In praise of dumb objectives

After a recent development session that was both inspirational and different, I was rather horrified to be shuffled into a room to prepare an action plan based on SMART objectives. Not only did the idea of an “action plan” seem entirely incongruous with material centred on a raised state of awareness of ourselves and the effects of our behaviour on others, but SMART sounded like fingernails on a blackboard. We don’t use blackboards anymore.

The life of a SMART objective is rather Hobbesian – solitary, poor, nasty, brutish and short. It doesn’t stand a chance.

It can be as Specific as it is able but in turn will be less able to take into account complex and ever-evolving circumstances that will impact the ability to deliver on the promise. It might be Measurable but without pure data, uncontaminated by others, it is unrecognisable. In a world suffocated by data, there is always a stat to support its success, and a stat for its failure. It might be considered Achievable but in reality it will either have been too easy, or too difficult – as the aim states, by definition it will usually be the former. But then again if the measurement is flawed, how will it prove itself anyway? It may strive to be Realistic but faces a fundamental philosophical challenge over the idea of reality. If “there are no facts, only interpretations” (as Nietzsche might say) it’s in some deep water. And finally it can be Time-bound, but that depends on the unfolding complexity of the journey – our map of the unknown is only good until the first bend.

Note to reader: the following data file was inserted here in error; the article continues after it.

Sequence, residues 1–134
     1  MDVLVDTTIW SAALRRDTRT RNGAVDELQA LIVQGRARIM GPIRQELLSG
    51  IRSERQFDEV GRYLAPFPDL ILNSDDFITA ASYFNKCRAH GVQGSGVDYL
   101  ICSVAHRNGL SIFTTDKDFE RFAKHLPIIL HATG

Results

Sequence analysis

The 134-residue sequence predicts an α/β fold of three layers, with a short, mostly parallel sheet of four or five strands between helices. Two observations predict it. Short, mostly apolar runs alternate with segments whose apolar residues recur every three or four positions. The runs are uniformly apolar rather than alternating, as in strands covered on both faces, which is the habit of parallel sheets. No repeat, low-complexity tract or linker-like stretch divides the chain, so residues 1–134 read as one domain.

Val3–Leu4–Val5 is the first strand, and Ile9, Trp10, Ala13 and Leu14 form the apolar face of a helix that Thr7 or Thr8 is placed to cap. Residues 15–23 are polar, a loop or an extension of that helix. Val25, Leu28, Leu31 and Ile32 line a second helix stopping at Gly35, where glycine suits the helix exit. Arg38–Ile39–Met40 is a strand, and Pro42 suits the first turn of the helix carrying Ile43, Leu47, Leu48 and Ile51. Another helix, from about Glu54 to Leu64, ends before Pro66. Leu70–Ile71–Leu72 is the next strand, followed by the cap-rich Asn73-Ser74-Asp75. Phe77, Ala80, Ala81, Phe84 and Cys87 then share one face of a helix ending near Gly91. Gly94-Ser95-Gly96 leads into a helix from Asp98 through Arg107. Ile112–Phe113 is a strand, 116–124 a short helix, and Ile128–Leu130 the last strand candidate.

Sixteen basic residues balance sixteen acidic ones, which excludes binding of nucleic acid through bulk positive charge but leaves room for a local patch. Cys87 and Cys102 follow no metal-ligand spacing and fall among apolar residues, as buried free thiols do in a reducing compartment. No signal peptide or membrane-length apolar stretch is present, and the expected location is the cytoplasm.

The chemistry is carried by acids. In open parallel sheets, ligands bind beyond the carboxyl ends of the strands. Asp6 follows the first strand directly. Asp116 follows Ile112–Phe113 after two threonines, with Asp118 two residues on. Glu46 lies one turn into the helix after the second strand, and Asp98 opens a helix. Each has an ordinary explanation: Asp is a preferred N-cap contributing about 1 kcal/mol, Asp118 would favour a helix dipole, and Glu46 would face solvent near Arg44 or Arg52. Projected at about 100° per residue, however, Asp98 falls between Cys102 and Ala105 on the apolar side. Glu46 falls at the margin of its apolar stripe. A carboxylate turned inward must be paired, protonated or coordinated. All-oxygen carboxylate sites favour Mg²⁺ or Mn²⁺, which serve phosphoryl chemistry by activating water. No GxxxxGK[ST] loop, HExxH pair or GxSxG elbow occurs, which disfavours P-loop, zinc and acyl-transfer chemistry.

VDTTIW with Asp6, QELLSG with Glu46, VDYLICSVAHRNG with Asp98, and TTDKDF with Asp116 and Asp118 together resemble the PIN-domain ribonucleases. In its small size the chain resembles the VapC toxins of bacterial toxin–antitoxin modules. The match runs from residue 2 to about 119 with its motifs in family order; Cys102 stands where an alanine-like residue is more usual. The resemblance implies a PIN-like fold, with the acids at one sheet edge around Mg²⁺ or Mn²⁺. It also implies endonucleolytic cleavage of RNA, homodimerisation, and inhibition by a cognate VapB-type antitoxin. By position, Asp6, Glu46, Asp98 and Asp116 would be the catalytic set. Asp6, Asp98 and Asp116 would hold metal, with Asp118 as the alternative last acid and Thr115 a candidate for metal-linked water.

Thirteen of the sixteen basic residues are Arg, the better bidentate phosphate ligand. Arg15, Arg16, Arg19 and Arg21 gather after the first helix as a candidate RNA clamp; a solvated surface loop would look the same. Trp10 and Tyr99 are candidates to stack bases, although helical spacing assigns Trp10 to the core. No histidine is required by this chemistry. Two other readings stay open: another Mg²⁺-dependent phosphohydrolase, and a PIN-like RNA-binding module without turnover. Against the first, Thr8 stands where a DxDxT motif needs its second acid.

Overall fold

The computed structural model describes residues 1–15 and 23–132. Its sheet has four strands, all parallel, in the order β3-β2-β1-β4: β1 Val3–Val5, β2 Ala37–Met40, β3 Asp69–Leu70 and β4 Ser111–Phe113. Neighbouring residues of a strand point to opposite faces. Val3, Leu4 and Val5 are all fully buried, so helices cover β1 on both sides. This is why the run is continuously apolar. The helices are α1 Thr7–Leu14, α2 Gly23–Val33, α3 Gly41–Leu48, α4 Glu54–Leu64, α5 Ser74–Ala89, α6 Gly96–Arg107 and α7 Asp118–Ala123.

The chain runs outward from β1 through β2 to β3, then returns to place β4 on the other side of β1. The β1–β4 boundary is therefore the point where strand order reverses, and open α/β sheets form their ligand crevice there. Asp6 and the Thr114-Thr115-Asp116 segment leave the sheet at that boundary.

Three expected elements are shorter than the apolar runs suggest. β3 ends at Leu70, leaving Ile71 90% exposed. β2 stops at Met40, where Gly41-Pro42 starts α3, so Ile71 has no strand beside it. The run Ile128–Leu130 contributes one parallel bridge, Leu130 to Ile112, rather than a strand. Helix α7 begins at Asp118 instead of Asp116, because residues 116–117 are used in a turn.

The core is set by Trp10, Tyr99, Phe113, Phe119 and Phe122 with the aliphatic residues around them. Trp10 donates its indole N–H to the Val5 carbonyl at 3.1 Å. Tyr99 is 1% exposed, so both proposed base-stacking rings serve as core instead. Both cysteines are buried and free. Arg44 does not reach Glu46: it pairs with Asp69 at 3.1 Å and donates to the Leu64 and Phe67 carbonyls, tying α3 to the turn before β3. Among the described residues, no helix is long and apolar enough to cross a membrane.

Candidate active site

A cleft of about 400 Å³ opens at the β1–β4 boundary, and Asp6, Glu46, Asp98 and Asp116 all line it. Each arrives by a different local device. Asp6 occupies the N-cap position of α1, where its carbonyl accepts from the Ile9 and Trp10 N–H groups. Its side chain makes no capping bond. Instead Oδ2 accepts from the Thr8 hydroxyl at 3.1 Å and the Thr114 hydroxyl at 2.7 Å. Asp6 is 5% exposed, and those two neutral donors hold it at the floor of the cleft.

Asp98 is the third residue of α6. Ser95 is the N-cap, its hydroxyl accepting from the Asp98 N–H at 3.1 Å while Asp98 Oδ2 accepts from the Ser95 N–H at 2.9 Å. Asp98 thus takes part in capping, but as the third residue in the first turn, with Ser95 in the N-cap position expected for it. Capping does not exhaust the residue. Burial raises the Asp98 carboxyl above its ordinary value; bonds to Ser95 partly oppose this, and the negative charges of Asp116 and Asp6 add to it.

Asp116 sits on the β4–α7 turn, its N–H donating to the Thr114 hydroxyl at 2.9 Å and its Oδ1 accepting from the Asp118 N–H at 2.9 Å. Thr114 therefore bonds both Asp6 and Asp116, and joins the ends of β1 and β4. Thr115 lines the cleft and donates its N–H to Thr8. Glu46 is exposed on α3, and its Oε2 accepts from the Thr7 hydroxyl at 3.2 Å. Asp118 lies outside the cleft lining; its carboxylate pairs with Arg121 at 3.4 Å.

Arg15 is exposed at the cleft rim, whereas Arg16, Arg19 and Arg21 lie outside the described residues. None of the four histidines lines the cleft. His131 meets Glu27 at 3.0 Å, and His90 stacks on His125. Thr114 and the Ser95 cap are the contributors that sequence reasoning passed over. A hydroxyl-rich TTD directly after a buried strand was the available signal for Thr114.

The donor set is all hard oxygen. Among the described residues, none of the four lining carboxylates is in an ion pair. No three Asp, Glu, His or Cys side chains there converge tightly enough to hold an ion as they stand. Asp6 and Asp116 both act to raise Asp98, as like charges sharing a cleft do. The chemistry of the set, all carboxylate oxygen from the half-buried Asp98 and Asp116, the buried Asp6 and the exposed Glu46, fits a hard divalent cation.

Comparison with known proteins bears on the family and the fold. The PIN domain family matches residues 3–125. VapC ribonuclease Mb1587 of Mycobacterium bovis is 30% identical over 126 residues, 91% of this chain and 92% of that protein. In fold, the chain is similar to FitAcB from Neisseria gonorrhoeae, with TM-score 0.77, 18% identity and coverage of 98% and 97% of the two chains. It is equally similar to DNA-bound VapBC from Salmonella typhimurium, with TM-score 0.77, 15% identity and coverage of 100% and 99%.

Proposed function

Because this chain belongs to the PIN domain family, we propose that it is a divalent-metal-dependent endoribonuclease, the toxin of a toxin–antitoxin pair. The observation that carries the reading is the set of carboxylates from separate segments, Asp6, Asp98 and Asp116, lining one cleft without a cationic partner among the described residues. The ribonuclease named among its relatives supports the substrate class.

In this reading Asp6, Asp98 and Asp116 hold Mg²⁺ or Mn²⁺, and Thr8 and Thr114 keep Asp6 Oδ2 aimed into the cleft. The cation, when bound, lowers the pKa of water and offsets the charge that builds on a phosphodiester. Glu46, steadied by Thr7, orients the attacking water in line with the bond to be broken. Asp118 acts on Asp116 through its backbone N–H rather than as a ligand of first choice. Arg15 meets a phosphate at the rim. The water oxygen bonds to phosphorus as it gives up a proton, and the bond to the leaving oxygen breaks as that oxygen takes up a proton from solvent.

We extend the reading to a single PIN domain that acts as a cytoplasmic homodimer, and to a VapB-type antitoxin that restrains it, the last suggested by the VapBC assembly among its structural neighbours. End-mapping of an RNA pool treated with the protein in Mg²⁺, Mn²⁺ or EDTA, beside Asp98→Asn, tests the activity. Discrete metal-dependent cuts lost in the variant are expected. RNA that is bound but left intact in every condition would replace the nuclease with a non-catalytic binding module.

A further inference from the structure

But this isn’t another hopeless circular punch-up like that over the annual appraisal where no-one seems to like them nor have a workable alternative. Force-feeding an acronym, how about DUMB objectives?

The objective could be Dynamic, embodying change, able to sustain twists and turns, to adapt to the contributions of those we engage with and the effects of other uncontrollable circumstances. Even Chinese butterflies. It could be elastic and nimble, rather than hewn from granite. It might even acknowledge the likely contribution of others rather than being stapled to our forehead. It could be Understandable, stated in simple, human terms, rather than “business” guff – so we are able to relate to it, as can everyone we share it with. The ultimate test – you should be able to show it to a friend in the café, and they get it without the need for a rambling contextual explanation. Imagine if it was Motivating, it made us want to try harder, achieve more, improve ourselves, benefit others rather than sigh under the weight of the expectation, or dread having to do what’s necessary – to make you want to get out of bed, not get back in. And consider if it were Believable, having a direct relationship with us and what we do, capable of an emotional commitment, rather than a quest dreamed up by a corporate gandalf.

We might then be able to look at aims that we think are reasonable, flexible, will stretch us and we’ll enjoy achieving.

Being free of snappy acronyms might be enough to make this possible, but I didn’t start it.

While it might be saying that SMART objectives are dumb its not saying DUMB objectives are smart only that it might be smart to stop thinking SMART is smart and considering that a DUMB approach might not be so dumb and might be smart. Could be a tricky sell, though.


2 thoughts on “In praise of dumb objectives

  1. I always snarked that SMART goals were really DUMB (Demotivating, Unnecessary, Mandatory Bull***t). Your DUMB acronym is more constructive than mine; I like it 🙂

  2. SMART makes me shudder. So mechanistic.
    If you can’t agree something that is mutually meaningful – what’s the point? If it’s meaningful, all the other stuff that needs to will flow from that.

    So brilliantly said Neil.

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